California Wildfires Task

Task Overview

In this task, students will explore what is causing the wildfire crisis in the West and identify the best ways to manage forests to mitigate the negative impact on biodiversity and human communities in different parts of California.

Students will evaluate and compare sources of information presented in different formats to explore what is causing wildfires, the negative impacts of wildfires on biodiversity and human communities, and several potential forest management strategies to mitigate these impacts. Students begin the task by looking at figures and watching a short video clip to see how humans are causing potential wildfires and begin to brainstorm strategies to reduce these impacts. Next, students will evaluate figures and read a series of excerpts related to three common fire management practices - using prescribed burning, letting wildfires burn undisturbed, and suppressing wildfires entirely. By integrating information from all of these sources and comparing relevant characteristics of two different areas of California (i.e., population, wildfire risk, and amount of forest land), students make recommendations about which fire management tools should be implemented in each area to successfully combat the ongoing wildfire crisis.

Next Generation Science Standards

Three Dimensional Claim

Compare, integrate, and evaluate sources of information presented in different media and formats in order to develop solutions at different scales to a resource management problem where human activities have threatened the sustainability of a natural resource and the surrounding human communities.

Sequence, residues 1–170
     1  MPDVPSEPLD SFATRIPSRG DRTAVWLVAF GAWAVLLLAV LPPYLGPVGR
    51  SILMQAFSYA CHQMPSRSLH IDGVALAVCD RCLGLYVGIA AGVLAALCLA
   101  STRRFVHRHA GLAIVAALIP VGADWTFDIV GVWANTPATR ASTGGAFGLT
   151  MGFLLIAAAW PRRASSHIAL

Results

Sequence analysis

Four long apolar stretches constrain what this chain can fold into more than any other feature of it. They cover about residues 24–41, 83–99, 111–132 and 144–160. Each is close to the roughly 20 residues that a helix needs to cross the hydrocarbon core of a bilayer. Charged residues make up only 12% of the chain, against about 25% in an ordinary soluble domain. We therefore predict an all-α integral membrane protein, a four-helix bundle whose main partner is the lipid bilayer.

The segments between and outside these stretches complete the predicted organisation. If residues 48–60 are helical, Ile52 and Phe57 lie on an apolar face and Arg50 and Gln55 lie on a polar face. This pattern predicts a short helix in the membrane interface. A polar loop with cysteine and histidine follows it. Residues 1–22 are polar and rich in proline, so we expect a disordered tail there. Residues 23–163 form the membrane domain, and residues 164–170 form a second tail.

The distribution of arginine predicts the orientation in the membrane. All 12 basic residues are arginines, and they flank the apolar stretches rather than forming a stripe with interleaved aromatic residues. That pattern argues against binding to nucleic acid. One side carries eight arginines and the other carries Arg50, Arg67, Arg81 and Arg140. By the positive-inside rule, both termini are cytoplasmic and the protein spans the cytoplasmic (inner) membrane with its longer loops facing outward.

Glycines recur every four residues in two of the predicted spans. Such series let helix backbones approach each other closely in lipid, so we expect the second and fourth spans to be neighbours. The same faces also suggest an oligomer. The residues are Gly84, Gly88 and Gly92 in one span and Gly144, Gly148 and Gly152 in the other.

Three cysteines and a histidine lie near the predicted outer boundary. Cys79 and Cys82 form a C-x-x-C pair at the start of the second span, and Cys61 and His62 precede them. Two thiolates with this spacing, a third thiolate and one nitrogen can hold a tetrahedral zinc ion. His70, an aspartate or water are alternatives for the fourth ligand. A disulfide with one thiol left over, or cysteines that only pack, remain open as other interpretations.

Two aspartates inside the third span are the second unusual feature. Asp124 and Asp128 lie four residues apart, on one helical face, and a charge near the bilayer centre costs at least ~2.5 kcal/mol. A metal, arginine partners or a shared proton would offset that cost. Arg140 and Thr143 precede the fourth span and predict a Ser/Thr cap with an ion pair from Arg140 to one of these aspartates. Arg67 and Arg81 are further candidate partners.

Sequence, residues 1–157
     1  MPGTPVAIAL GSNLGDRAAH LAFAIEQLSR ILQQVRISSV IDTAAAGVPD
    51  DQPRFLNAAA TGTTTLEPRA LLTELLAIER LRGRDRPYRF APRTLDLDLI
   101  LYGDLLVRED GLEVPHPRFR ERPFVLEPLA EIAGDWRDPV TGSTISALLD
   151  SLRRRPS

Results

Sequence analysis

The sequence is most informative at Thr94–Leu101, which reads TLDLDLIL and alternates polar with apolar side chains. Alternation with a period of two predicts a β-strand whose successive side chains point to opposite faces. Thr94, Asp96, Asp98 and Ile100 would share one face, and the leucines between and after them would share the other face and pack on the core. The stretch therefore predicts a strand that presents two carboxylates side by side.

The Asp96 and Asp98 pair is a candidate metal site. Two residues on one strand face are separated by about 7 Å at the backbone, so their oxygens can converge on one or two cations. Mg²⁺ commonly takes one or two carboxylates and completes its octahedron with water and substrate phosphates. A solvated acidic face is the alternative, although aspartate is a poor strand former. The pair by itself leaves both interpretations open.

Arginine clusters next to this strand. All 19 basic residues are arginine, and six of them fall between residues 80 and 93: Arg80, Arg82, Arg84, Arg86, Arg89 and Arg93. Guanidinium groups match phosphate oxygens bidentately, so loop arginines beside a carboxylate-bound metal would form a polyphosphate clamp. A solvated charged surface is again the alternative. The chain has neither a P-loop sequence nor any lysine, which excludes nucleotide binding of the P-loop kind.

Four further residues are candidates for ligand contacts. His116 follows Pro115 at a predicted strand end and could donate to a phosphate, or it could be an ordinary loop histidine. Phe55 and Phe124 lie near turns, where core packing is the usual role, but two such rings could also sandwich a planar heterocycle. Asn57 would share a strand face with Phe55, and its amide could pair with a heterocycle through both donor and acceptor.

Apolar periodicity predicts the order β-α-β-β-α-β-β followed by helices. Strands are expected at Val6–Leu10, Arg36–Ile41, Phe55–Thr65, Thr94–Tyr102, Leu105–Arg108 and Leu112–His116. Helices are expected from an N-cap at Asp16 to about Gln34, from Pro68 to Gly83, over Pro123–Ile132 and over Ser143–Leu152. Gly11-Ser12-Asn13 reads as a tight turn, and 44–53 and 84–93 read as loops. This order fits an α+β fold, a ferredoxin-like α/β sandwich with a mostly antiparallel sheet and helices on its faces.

This task is intended to elicit student learning of the following NGSS elements for each of the three dimensions:

Disciplinary Core Ideas

ESS3.C:  Human Impacts on Earth Systems (HS)

Science and Engineering Practices

Obtaining, Evaluating, and Communicating Information (HS)

Crosscutting Concepts

Scale, Proportion, and Quantity (HS)

Helpful Prior Knowledge

California is facing an unprecedented and growing forest and wildfire crisis. Five of CA’s largest fires in modern history burned at the same time, destroying thousands of buildings, forcing hundreds of thousands of people to flee their homes, and exposing millions of residents to dangerously unhealthy air. More than 4 million acres burned across the state, destroying forests, watersheds, and biodiversity. With such a large and ongoing crisis facing California, it is imperative for regions that are plagued by instances of fire to implement land management practices with goals to sustain biodiversity and human communities within the region. As students will discover in their research, most often, a single solution cannot be established as best practice. Instead, it is the incorporation of a combination of management tools that are specific to the ecosystem of the region, accompanied by the development of responsible education about available resources, that make for the most effective solution.

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